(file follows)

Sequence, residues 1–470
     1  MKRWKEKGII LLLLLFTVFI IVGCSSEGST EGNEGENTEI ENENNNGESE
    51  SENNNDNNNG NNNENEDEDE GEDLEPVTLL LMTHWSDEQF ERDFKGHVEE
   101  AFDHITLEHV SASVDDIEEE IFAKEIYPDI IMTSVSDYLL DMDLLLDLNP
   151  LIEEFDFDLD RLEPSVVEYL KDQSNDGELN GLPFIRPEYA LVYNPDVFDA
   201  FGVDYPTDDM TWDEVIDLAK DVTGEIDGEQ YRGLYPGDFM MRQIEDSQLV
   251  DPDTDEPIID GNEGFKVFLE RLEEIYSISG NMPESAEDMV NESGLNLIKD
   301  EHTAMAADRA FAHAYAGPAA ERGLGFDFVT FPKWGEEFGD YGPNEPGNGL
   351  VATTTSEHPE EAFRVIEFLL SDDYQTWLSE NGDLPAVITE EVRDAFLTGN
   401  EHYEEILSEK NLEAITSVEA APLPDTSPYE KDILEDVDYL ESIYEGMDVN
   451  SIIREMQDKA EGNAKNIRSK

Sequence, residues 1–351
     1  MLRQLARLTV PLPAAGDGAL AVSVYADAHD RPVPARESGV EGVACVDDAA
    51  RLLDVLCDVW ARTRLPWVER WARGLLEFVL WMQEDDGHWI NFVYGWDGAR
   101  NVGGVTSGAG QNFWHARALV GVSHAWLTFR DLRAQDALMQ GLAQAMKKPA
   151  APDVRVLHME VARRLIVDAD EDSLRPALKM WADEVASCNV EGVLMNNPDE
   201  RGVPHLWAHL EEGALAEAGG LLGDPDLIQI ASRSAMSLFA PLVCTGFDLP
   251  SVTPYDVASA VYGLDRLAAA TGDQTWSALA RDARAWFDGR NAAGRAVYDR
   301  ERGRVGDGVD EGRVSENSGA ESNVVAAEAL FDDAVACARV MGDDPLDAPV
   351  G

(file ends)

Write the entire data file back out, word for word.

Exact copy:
Sequence, residues 1–470
     1  MKRWKEKGII LLLLLFTVFI IVGCSSEGST EGNEGENTEI ENENNNGESE
    51  SENNNDNNNG NNNENEDEDE GEDLEPVTLL LMTHWSDEQF ERDFKGHVEE
   101  AFDHITLEHV SASVDDIEEE IFAKEIYPDI IMTSVSDYLL DMDLLLDLNP
   151  LIEEFDFDLD RLEPSVVEYL KDQSNDGELN GLPFIRPEYA LVYNPDVFDA
   201  FGVDYPTDDM TWDEVIDLAK DVTGEIDGEQ YRGLYPGDFM MRQIEDSQLV
   251  DPDTDEPIID GNEGFKVFLE RLEEIYSISG NMPESAEDMV NESGLNLIKD
   301  EHTAMAADRA FAHAYAGPAA ERGLGFDFVT FPKWGEEFGD YGPNEPGNGL
   351  VATTTSEHPE EAFRVIEFLL SDDYQTWLSE NGDLPAVITE EVRDAFLTGN
   401  EHYEEILSEK NLEAITSVEA APLPDTSPYE KDILEDVDYL ESIYEGMDVN
   451  SIIREMQDKA EGNAKNIRSK

Sequence, residues 1–351
     1  MLRQLARLTV PLPAAGDGAL AVSVYADAHD RPVPARESGV EGVACVDDAA
    51  RLLDVLCDVW ARTRLPWVER WARGLLEFVL WMQEDDGHWI NFVYGWDGAR
   101  NVGGVTSGAG QNFWHARALV GVSHAWLTFR DLRAQDALMQ GLAQAMKKPA
   151  APDVRVLHME VARRLIVDAD EDSLRPALKM WADEVASCNV EGVLMNNPDE
   201  RGVPHLWAHL EEGALAEAGG LLGDPDLIQI ASRSAMSLFA PLVCTGFDLP
   251  SVTPYDVASA VYGLDRLAAA TGDQTWSALA RDARAWFDGR NAAGRAVYDR
   301  ERGRVGDGVD EGRVSENSGA ESNVVAAEAL FDDAVACARV MGDDPLDAPV
   351  G